Everything You Need To Know Before You Try Facial Cupping

You've probably heard of traditional cupping, a holistic treatment used since the inception of Chinese and Egyptian medicine. This ancient technique's exact origin is not well known, but it's been used for centuries, and now the modern world is catching up. Celebrities have taken to cupping like ducks to water – Kim Kardashian practically introduced the world to facial cupping, while stars like Gwyneth Paltrow took body cupping for a spin as soon as the treatment gained traction. Of course, the rest of us were immediately curious as to what all the fuss was about.

"Facial cupping works by using suction to pull the facial muscles, promoting circulation," dermatologist Michele Green, M.D., tells Self. The result is smooth, plumped skin. Facial cupping might even make your eyes appear more open and awake, celebrity esthetician Lora Condon adds. So how, exactly, does putting small suction cups on your face yield these results? Condon tells Self the suction drains retained fluid from the face, doing away with puffiness. The results are not permanent, however, so if you like what you see after a facial cupping session, you'll need to subject your face to those little suckers again to maintain your newfound glow. If you're as intrigued as we are, learn everything you need to know before you book your first facial cupping session.

Facial cupping vs. body cupping: What's the difference?

Many of us are familiar with body cupping — celebrities have been endorsing it on social media quite a bit in the past couple of years — but what makes facial cupping different from this popular treatment? According to clinical dermatologist Akanksha Shah Sanghvi, M.D., (via eMedi Health) the difference lies in the technique and tools used. Body cupping is executed with bigger, sturdier cups than those used for facial cupping, and they're typically made from materials like earthenware, bamboo, or glass, Sanghvi adds that body cupping can be done using various cups, which include hot air and heated cups. They're also left on the skin for longer than when you get facial cupping.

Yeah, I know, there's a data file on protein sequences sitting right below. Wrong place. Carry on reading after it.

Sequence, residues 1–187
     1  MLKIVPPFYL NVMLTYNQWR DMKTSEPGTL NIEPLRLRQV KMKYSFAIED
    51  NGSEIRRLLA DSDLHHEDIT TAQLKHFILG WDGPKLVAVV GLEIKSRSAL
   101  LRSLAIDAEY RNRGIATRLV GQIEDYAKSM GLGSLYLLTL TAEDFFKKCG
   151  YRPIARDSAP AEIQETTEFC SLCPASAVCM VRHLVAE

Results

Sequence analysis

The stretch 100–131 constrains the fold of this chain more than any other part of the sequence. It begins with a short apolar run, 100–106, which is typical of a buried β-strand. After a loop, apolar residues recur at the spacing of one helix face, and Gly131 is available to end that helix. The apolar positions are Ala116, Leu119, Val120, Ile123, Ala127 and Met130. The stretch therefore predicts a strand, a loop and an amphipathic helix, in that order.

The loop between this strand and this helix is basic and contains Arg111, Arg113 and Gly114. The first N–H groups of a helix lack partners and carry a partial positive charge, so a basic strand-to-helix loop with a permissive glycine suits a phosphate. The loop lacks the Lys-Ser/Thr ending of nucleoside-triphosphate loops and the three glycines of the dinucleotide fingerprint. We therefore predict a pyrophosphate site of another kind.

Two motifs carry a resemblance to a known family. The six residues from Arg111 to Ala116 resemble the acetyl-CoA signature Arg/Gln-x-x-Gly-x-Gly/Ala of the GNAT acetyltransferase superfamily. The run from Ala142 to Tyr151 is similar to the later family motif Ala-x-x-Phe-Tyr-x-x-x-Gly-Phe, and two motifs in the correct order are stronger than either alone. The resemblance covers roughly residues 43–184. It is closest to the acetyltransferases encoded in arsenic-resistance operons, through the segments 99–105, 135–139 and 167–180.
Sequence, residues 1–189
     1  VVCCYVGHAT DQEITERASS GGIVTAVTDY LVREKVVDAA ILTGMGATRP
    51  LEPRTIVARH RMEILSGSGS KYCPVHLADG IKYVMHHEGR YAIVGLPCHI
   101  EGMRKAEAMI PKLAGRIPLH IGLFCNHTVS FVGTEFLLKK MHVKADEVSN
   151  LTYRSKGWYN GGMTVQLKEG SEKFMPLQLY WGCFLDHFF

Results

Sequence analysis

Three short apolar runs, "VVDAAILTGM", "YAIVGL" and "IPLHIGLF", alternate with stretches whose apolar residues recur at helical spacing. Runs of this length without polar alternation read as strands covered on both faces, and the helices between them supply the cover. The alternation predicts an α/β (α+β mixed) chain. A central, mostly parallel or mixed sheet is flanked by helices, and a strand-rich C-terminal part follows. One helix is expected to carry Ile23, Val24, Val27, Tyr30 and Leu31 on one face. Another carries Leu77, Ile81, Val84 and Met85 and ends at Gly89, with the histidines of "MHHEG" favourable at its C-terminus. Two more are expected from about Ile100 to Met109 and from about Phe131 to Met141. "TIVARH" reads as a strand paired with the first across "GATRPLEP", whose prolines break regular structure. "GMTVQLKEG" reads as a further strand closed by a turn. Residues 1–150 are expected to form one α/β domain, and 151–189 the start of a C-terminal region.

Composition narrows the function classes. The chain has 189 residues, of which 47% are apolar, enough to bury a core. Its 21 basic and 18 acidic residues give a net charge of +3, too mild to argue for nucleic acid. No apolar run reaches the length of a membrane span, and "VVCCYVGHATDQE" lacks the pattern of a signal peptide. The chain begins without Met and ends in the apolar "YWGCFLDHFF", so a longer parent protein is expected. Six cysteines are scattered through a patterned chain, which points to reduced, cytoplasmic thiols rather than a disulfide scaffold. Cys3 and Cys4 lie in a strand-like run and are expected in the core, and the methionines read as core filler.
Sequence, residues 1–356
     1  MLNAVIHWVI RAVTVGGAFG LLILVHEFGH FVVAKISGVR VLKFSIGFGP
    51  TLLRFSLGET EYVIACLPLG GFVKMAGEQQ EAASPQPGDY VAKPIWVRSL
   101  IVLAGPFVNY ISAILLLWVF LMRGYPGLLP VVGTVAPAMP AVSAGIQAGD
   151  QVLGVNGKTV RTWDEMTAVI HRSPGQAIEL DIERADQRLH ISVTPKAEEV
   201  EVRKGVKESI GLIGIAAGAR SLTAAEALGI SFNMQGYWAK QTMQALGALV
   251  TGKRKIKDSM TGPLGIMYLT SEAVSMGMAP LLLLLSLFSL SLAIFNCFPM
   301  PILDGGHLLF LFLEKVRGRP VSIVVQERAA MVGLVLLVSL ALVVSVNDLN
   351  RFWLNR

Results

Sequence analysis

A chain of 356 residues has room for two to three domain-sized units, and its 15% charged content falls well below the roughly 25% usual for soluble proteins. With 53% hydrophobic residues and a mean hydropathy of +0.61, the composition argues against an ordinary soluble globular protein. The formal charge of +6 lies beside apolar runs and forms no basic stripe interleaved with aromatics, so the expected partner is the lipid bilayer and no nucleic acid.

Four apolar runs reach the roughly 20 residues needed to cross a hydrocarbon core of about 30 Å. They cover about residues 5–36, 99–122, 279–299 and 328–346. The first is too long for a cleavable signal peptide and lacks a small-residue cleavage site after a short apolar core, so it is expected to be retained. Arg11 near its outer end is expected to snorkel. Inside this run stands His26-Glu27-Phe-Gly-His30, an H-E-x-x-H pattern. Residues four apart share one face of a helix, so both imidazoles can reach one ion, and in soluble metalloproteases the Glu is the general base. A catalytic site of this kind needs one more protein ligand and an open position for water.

The main aim of body cupping is to relieve pain, and the larger cups with their higher pressure levels can accomplish this. Because these cups have stronger suction and are left on the skin for longer, bruises are often inevitable. Facial cupping, on the other hand, has an entirely different purpose — the goal is not to relieve pain but to restore the skin's youthful glow. "Over time this practice improves the complexion and diminishes fine lines and wrinkles," Ananda Emily Reese, LAc, of Reese Acupuncture tells Healthline.

Here's how cupping actually works

This seemingly torturous treatment can seem, well, crazy, but there is a method to the madness. According to the Times of India, the idea behind cupping is that the small vacuums created by the cups balance the body's energy flow, which is also referred to as "qi."

Facial cupping uses the small vacuum pockets created by the cups to work like a facial massage. As the skin is subjected to the vacuum created by the cup, blood flow increases, giving your skin that extra glow. The fresh blood rushing to the area can help new blood vessels form. Facial cupping also creates sterile inflammation, which simply means that the skin suffers controlled microtears and trauma. The body reacts to this by sending platelets and white blood cells to the area, which is what gives your skin that post-cupping glow.

It's easy to pass this strange facial treatment off as a fad, but dermatologist Noopur Jain, M.D., tells the Times of India, "It is indeed effective." In addition to providing your facial skin with a much-needed massage, facial cupping also works to extract surplus fluid that is then drained by the body's lymphatic system. The result is more elasticity, thanks to muscles and pores being tightened throughout the process. Jain says you almost get the effect of a facelift, and you might even notice that your jawline is more pronounced. Okay, now they have our attention.

You can reap some sweet benefits from facial cupping

One of the best benefits of facial cupping is probably its ability to give collagen production a boost. Clinical dermatologist Akanksha Shah Sanghvi, M.D., explains that "cupping can stimulate the release of nitric oxide, which helps in the accumulation of collagen, thus facilitating skin repair." In addition to giving collagen a boost, facial cupping can also tighten skin, which means fewer wrinkles. Some people might even notice that their chin and jawline look more defined after a few facial cupping sessions.